Eurovision: Genocide Comes to Pop Culture

esc-2016Eurovision Song Contest has served as a platform to strengthen both national and European identities and embrace diversity throughout every nation for over 60 years.  The show’s vast influence expands to an audience of approximately 180 million people all over the world. Its expansive reach has not only sparked the careers of various performers, it has also allowed for the television program to have social, political, and cultural influence.

The televised contest does have strict rules; songs that promote political messages are disqualified from entry.  In 2009, the song “We Don’t Wanna Put In” was the Georgian entry. The song contained negative political references to Vladimir Putin, the Prime Minister of Russia, and provided a critical Georgian perspective on the war between Georgia and Russia in 2008. Because of the song’s strong political message and references, the European Broadcasting Union ruled that the song would have to be rewritten or a new song would have to be chosen. Georgia did not comply with this ruling, and therefore withdrew from the 2009 Eurovision Song Contest.

Despite this, many countries have still used songs to indirectly address political tensions and social issues and catalyze activism. In 1998, a transsexual Israeli, Dana International, won the Eurovision Song Content. Her win was seen as a victory for human rights and equality and a huge breakthrough for trans visibility. Dana International’s performance was important not only because of its impact on LGBT issues, but it demonstrated the power the Eurovision competition could have to sway public opinion on social issues in a wider context.

2016-03-15_1635.pngLast year, Armenia’s entry was a power ballad entitled “Don’t Deny.” The 2015 Eurovision Song Contest coincided with the 100-year anniversary of the Armenian Genocide. While the head of Armenia’s Eurovision Delegation, Gohar Gasparyan, said the song was “about love, unity and peace: the family as a symbol of humanity, alternation of generations, the bird as a symbol of peace, the keeper of the national values and tradition,” many speculated that the song was aimed at Turkey, who continues to deny the Armenian Genocide. While the song drew some controversy due to its political interpretation, the Armenian Delegation chose to keep the lyrics to the song and changed only the title to “Face the Shadow.” This decision was a response to Turkish and Azerbaijani claims that Armenia was politicizing the music contest. A petition had been launched by Eurovision’s Turkish fans calling for Armenia’s disqualification. The Armenian performance kickstarted an international conversation about the Genocide and Turkey’s continued denial.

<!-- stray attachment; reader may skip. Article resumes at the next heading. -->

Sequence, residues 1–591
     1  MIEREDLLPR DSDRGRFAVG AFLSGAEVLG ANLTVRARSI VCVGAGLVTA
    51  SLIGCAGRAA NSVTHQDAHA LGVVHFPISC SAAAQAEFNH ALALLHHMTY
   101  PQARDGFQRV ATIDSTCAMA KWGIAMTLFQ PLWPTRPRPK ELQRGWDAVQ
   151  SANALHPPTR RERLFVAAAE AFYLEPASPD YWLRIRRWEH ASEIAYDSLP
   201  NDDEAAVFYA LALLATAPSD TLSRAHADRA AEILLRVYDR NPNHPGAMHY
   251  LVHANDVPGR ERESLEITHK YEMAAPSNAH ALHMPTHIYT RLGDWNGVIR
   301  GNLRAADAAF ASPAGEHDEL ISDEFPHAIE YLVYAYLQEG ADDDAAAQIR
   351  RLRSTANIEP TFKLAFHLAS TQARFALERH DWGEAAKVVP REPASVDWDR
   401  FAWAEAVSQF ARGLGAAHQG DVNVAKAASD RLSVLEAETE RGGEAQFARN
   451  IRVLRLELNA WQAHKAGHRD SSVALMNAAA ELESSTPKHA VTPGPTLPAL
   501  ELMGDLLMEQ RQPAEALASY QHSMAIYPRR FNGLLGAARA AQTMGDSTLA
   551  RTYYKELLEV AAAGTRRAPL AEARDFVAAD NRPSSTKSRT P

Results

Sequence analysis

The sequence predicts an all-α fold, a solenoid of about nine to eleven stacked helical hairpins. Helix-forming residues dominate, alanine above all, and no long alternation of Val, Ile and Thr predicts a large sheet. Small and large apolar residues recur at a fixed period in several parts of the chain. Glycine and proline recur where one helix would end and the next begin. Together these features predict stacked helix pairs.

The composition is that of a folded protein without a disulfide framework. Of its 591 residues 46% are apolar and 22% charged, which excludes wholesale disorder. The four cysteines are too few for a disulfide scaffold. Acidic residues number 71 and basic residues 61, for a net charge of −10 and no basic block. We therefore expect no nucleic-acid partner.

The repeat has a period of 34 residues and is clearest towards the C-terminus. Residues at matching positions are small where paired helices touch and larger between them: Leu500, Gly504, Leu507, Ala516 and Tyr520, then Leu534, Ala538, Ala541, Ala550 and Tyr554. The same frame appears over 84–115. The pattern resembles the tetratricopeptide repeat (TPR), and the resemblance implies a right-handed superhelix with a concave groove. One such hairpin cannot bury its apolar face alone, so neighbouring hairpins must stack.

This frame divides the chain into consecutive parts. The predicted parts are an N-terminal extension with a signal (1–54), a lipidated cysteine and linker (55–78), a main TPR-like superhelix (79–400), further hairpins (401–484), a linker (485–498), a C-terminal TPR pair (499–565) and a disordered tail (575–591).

2016-03-15_1634This year, Ukraine’s entry has raised controversy. The song “1944” addresses the deportation of 240,000 Crimean Tatars to Central Asia by Joseph Stalin in 1944. Between 20 and 50 percent of those deported died within the first two years of deportation. On November 11, 2015 the Ukraine parliament adopted a resolution that recognized the mass deportation of Crimean Tatars to Central Asia as genocide and declared May 18 as a Day of Remembrance for victims. The song opens with the lyrics: “When strangers are coming. They come to your house, they kill you all and say ‘We’re not guilty. Not guilty.’” Despite this unequivocal message to Russia, the European Broadcasting Union has decided that the song’ content is historical rather than political and does not break any rules.

While “1944” does not directly address recent tensions between Russia and Ukraine as a result of Russia’s 2014 annexation of the Crimean peninsula, the song certainly creates a space to discuss human rights violations on the peninsula and resulting consequences. The song also creates a dialogue to discuss the relationship between pop culture and traumatic memory. How soon is too soon? The withdrawn Georgian entry from 2009 was seen as too political, likely because it addresses an event that happened the previous year and current tensions. Pop culture has been a growing platform to discuss human rights abuses and has made the conversation more accessible to an increasing number of people around the world. Can it be used to discuss recent and ongoing atrocities? Eurovision Song Contest creates a unique platform where it lets contestants paint an entire picture through song. Can and should other pop culture mediums replicate this?

Alexandra Steinkraus is an undergraduate student at the University of Minnesota, pursuing a degree in Global Studies with concentrations in East Asia and Human Rights and Justice. Her areas of academic interests include media representations of crimes against humanity, global refugee policy, sociology of foreign media in North Korea, and the United Nations. 

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